Does asymptomatic hyperuricemia require treatment?

Does asymptomatic hyperuricemia require treatment?

As a general rule, asymptomatic hyperuricemia should not be treated, though ultrasonographic studies have demonstrated that urate crystal deposition into soft tissues occurs in a minority of patients with asymptomatic hyperuricemia.

What causes asymptomatic hyperuricemia?

Asymptomatic hyperuricemia is a term traditionally applied to settings in which the serum urate concentration is elevated but in which neither symptoms nor signs of monosodium urate (MSU) crystal deposition disease, such as gout, or uric acid renal disease, have occurred.

Why is asymptomatic hyperuricemia not treated?

Treatment of asymptomatic hyperuricemia is not necessary in most patients, unless perhaps they have very high levels of uric acid or are otherwise at risk of complications, such as those with a personal or strong family history of gout, urolithiasis, or uric acid nephropathy.

Does CKD cause hyperuricemia?

In the case of CKD, renal excretion of uric acid is decreased, resulting in hyperuricemia. It is thought that the interstitial accumulation of sodium urate induces the deterioration of the disease.

How do you treat asymptomatic hyperuricemia?

Pharmacologic treatment for asymptomatic hyperuricemia carries some risk, is not considered beneficial or cost-effective, and generally is not recommended. However, these patients can be advised on lifestyle changes such as changes in diet, reduction in alcohol intake, and exercise, which may lower uric acid levels.

What is asymptomatic D?

Asymptomatic means there are no symptoms. You are considered asymptomatic if you: Have recovered from an illness or condition and no longer have symptoms. Have an illness or condition (such as early stage high blood pressure or glaucoma) but do not have symptoms of it.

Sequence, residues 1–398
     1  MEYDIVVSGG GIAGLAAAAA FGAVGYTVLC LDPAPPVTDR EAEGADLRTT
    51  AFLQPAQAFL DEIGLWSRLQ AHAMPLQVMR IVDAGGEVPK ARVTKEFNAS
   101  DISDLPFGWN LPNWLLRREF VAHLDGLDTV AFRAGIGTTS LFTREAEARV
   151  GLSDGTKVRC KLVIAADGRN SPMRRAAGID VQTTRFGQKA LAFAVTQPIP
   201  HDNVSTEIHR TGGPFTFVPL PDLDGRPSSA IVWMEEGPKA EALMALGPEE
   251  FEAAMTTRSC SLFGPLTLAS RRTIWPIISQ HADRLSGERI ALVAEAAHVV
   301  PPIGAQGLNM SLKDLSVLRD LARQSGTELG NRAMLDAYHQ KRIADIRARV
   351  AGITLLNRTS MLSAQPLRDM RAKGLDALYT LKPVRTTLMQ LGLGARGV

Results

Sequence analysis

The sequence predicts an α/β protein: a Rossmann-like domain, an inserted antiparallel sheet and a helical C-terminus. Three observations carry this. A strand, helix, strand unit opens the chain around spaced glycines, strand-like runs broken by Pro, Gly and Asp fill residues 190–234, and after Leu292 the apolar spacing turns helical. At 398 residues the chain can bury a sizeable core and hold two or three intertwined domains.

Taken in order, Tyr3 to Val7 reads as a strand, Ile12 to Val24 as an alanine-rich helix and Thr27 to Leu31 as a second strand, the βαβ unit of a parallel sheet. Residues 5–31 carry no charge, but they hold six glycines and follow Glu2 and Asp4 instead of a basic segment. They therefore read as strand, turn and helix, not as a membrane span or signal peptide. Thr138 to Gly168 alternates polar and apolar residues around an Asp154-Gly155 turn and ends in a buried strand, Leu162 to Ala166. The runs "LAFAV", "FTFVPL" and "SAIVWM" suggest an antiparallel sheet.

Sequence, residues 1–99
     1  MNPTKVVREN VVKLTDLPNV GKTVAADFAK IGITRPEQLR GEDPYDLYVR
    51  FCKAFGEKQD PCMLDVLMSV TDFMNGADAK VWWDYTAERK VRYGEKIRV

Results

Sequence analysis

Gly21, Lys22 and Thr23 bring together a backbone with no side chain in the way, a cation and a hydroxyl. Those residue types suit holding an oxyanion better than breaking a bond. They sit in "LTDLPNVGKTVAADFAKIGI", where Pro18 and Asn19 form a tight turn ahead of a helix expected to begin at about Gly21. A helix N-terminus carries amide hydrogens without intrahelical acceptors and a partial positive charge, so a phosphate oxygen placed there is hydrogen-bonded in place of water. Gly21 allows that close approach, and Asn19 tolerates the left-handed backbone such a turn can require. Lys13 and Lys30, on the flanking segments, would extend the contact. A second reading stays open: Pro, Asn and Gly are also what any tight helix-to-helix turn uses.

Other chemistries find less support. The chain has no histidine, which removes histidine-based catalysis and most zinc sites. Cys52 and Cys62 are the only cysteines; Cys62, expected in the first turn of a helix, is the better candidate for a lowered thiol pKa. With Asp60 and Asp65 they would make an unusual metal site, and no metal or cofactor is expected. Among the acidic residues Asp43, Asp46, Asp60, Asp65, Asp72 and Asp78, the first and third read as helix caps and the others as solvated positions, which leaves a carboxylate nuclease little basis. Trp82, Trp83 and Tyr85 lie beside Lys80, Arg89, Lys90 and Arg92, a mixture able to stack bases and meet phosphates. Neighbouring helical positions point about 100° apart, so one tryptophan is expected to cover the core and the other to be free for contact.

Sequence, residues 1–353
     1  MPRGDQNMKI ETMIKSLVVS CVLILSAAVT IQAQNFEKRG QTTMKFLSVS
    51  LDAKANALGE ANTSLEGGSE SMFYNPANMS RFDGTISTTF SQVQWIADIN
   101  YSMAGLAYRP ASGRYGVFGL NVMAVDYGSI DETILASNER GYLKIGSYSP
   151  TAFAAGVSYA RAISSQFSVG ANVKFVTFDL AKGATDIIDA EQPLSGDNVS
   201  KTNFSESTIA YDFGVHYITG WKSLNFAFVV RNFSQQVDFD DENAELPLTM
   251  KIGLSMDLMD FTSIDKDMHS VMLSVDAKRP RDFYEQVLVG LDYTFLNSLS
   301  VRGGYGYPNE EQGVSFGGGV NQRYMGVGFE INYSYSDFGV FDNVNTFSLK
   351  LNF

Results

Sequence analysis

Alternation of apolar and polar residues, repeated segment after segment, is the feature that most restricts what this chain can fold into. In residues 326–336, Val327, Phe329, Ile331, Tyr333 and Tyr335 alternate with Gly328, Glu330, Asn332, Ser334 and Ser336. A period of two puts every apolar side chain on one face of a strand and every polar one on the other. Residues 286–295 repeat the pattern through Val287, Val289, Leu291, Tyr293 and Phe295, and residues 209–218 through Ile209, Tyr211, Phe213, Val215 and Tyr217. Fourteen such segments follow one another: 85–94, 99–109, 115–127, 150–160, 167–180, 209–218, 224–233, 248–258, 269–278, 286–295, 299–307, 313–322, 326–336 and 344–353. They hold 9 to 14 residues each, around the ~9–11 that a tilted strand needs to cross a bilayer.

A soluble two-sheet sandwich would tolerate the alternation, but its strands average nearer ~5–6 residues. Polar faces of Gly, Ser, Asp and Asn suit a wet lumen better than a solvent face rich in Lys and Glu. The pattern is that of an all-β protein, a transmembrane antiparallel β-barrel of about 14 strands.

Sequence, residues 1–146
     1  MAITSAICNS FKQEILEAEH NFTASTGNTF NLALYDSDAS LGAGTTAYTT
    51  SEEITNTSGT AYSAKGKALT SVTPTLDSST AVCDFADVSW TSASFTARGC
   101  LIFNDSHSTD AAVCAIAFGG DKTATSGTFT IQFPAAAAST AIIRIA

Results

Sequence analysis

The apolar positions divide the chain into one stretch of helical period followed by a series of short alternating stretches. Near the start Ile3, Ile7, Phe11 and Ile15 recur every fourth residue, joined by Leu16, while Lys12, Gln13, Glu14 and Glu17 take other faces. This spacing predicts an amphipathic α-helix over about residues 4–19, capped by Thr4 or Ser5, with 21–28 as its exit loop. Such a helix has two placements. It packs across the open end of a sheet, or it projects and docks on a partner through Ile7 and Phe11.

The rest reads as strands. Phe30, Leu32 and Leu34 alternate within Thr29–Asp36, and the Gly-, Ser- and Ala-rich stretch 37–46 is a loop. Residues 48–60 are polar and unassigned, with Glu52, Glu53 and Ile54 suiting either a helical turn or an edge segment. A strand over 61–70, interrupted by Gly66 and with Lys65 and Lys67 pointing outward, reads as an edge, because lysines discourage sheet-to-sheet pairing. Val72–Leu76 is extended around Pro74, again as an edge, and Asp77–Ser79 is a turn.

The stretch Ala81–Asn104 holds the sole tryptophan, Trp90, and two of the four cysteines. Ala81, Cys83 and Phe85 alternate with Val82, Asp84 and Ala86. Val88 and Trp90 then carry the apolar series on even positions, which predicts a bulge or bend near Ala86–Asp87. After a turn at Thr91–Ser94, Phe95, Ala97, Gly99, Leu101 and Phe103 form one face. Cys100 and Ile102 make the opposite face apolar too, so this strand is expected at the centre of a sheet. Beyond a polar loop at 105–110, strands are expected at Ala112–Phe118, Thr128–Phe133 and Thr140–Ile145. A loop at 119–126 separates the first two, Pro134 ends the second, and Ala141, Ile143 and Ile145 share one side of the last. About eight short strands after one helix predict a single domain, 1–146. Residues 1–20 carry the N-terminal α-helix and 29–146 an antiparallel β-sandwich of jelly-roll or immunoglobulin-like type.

How is hyperuricemia diagnosed?

How hyperuricemia is diagnosed. Your doctor may order blood and urine tests to measure creatinine levels, which determines kidney function, as well as uric acid levels. Blood is usually taken from a vein in your arm, typically on the inside of your elbow or on the back of your hand.

Is renal insufficiency asymptomatic?

Patients with CKD stages 1-3 are generally asymptomatic. Typically, it is not until stages 4-5 (GFR < 30 mL/min/1.73 m²) that endocrine/metabolic derangements or disturbances in water or electrolyte balance become clinically manifest.

Does hyperuricemia affect kidney function?

Experimental studies suggest that hyperuricemia causes kidney damage due to systemic and glomerular hypertension. One of several mechanisms suggested is inhibition of nitric oxide synthesis, which leads to arterial vasoconstriction.

Is asymptomatic hyperuricemia a serious condition?

Historically asymptomatic hyperuricemia was considered a benign laboratory abnormality with little clinical significance in the absence of gout or kidney stones. Yet, there is increasing evidence that asymptomatic hyperuricemia can predict the development of hypertension, obesity, diabetes mellitus and chronic kidney disease.

Is hyperuricemia a risk factor for chronic kidney disease?

Today there is plausible evidence both on experimental and epidemiological basis, that hyperuricemia represents a risk factor for the development and progression of chronic kidney disease (CKD). Nevertheless, the role of serum uric acid lowering treatment in CKD is still a matter of serious controversy.

What does hyperuricemia mean in gout?

In line with the consensus gout labels 11, hyperuricemia represents the elevated circulating levels of urate of 7 mg/dl in men and 6 mg/dl in women. Asymptomatic hyperuricemia is defined as elevated urate levels in absence of episodes of inflammation triggered by urate crystals (gout flares).

Does a low-purine diet affect NKG2D+ NK cells in hyperuricemia?

Gao L et al. Male asymptomatic hyperuricemia patients display a lower number of NKG2D+ NK cells before and after a low-purine diet. Medicine (Baltimore) 97, e13668, doi:10.1097/MD.0000000000013668 (2018).

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